Niall Ferguson does a good job tracing the operation of hierarchies and networks over the human history. Significant changes in human society were advanced with the printing press, transportation systems, and especially the internet in the last 25 years.

Ferguson points out that the democratization of society which the internet promises has been replaced by the manipulation of huge oligapolies like Facebook, Amazon, and Google. As we have seen in our last election in the U.S. in 2016, and with the Brexit vote in the United Kingdom, the manipulation of these communication mediums for the purpose of propogandizing populations is undermining the ability of citizens to rationally decide policy options for their governance.

The use of these communication systems to advance special interests which may run counter to the welfare of societies is a huge new threat in our modern age.

It is easy to manipulate people who don't know they are being manipulated. Raising the consciousnesses of the targets of these propoganda efforts is important to restore integrity to democratic processes.

Understanding the structure of the society within which one participants is a major contributor to healthy functioning.

The Square and The Tower is a book with important ideas. It earns a 5 out of 5 on the MBH book rating scale.



Federal Judge blocks Trump administration new rule letting employer health insurance deny birth control coverage

From Governing on 01/15/19
A federal judge in Philadelphia on Monday barred the Trump administration from implementing new rules that would let almost any employer deny female employees coverage for birth control by citing religious or moral objections.
U.S. District Judge Wendy Beetlestone found that the new regulations would make it more difficult for thousands of women to obtain no-cost contraception currently mandated under the Affordable Care Act and inflict an undue burden on states who would step in to pick up the tab.
For more click here.
Editor's note:
The ability to control and manage one's fertility is a significant factor in quality of life decisions which affect not only individuals but couples, families, communities, and the world.

Sunday, January 27, 2019

What is Bowen's idea of "differentiation?"

This is the first of several articles about major concepts in Murray Bowen's family systems theory.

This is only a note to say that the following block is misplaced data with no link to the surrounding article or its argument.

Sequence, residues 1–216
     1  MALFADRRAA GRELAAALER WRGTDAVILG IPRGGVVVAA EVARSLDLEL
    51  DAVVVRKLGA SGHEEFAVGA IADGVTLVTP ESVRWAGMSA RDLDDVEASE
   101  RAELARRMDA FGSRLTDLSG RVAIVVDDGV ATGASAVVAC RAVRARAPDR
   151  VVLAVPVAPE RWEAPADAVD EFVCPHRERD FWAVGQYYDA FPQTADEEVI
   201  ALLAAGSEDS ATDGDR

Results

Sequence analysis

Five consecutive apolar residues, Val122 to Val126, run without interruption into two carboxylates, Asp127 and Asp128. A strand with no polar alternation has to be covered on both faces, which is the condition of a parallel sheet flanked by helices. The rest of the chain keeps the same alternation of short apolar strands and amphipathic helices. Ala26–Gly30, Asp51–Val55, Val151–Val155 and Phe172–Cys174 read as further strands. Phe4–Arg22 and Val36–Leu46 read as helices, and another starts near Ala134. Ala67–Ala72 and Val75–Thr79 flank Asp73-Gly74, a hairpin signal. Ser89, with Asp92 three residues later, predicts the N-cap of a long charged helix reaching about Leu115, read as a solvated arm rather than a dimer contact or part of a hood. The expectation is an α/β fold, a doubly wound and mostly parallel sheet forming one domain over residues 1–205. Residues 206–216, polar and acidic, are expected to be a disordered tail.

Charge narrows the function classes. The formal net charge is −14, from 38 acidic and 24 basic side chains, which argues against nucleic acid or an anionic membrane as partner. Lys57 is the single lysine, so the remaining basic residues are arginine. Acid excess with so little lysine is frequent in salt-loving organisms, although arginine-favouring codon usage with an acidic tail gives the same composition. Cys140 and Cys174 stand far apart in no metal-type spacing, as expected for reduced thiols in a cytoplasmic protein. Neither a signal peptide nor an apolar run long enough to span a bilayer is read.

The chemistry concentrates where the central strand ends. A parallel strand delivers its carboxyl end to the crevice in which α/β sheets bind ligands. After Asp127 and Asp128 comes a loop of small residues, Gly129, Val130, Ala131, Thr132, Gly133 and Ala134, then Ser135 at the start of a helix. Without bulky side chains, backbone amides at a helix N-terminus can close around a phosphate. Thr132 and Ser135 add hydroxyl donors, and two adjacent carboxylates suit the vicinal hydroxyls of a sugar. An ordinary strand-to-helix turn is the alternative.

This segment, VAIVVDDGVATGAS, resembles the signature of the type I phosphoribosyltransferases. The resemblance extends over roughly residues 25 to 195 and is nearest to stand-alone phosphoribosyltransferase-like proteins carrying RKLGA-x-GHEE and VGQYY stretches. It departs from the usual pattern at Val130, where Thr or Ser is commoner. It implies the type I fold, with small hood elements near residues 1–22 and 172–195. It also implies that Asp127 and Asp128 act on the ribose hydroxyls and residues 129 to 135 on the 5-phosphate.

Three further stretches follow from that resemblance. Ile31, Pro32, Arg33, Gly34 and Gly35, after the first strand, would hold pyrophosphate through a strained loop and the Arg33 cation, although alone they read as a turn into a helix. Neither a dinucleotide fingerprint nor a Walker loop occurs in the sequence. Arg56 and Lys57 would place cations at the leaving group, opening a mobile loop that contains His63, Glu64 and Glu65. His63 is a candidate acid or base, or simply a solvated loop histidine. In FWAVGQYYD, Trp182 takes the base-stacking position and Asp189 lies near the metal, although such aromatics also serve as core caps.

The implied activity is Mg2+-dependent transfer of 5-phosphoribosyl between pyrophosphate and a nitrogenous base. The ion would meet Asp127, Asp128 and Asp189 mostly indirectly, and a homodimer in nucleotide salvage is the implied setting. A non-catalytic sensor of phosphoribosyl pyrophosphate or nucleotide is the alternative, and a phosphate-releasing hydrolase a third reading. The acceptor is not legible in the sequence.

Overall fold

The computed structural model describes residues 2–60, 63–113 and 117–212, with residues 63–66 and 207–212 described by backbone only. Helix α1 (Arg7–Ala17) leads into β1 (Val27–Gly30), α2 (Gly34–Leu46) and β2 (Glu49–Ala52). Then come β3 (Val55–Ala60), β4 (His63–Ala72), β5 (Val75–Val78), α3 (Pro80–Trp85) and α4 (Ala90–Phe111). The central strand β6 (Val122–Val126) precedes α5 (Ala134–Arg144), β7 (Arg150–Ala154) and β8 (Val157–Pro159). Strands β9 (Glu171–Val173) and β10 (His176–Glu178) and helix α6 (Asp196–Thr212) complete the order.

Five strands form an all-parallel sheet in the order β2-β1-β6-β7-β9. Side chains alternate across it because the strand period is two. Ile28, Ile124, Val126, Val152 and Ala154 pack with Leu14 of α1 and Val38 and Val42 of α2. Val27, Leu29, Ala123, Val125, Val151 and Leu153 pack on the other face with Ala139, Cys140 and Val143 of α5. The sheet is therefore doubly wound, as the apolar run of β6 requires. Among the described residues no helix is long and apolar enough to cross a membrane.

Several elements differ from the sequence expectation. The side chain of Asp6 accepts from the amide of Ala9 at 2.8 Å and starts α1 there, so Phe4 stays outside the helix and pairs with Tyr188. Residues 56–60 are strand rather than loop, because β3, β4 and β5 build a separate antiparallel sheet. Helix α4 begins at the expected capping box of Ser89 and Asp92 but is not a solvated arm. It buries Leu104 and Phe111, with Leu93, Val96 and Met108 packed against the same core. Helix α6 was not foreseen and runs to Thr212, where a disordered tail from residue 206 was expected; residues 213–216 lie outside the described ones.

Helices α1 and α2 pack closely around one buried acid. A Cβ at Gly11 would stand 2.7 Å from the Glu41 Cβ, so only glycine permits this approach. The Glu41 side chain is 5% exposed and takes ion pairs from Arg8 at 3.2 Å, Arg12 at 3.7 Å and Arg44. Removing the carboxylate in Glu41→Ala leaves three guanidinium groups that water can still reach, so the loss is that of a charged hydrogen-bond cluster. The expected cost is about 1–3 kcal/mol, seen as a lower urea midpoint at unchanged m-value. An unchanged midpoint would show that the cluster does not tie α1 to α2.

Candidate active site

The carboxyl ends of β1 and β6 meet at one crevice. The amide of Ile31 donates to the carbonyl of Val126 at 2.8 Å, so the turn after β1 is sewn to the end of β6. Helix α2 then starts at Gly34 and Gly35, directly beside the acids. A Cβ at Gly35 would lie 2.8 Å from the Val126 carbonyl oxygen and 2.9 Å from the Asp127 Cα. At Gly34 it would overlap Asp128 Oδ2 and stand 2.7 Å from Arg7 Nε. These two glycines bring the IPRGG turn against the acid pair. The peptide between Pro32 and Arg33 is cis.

Bowenian Family Systems theory has been a major cognitive map or model which informs my psychotherapy practice. It assists me in thinking and understanding my client's situations and I often share Bowen's ideas with my clients in the hope that understanding Bowenian concepts will be helpful to them in enhancing their self knowledge and in being purposeful and intentional in their interactions with others.

The topic of this article is on "differentiation."


Differentiation is simply "self knowledge," one of the major components of what is called "Emotional Intelligence."

How well do you understand what makes you tick? People who understand what makes them tick are described in collogquial terms as "having their shit together." Some people "have their shit together" and some people don't. Of perhaps a better way to think about this is "To what extent do I and other people have their shit together?"

This idea of self knowledge is based on Socrates statement that "an unexaminded life is not worth living." To what extent do you or others live an examined life? In psychology this capacity for examining one's own functioning is called "reflective functioning."

When the idea of differentiation is applied to our every day functioning, it makes one consider whether one's behavior is "reactive" or "responsive." Reactive means that your buttons get pushed and you just engage in a knee jerk response with no thought or impulse control. Responsive means that you are able to resist impulsively reacting, step back, get yourself and the situation into perspective, and then decide how to proceed in a purposeful and deliberate way.

The goal in life is to always be responsive and never be reactive. Jesus, Buddha, and other enlightened masters were always responsive 100% of the time. They were enlightened, self realized, self actualized human beings. Few of us become "masters."  If a person can be responsive 80% of the time and reactive only 20% of the time, they have become very mature, semi - awakened human beings.

The idea of differentiation can be useful in assessing marital, family, and organizational functioning because the level of differentiation of the individual has significant consequences for marriages, families, and organizations. These idea will be shared in the next article.

To be continued

Movies - On the Basis Of Sex

On The Basis of Sex is a movie about Ruth Bader Ginsberg's early life and career establishing her expertise in  advocating for women's rights in the U.S. in the later half of the twentieth century.

It is a five out of five on the MBH movie scale and is highly recommended.




Editor's note: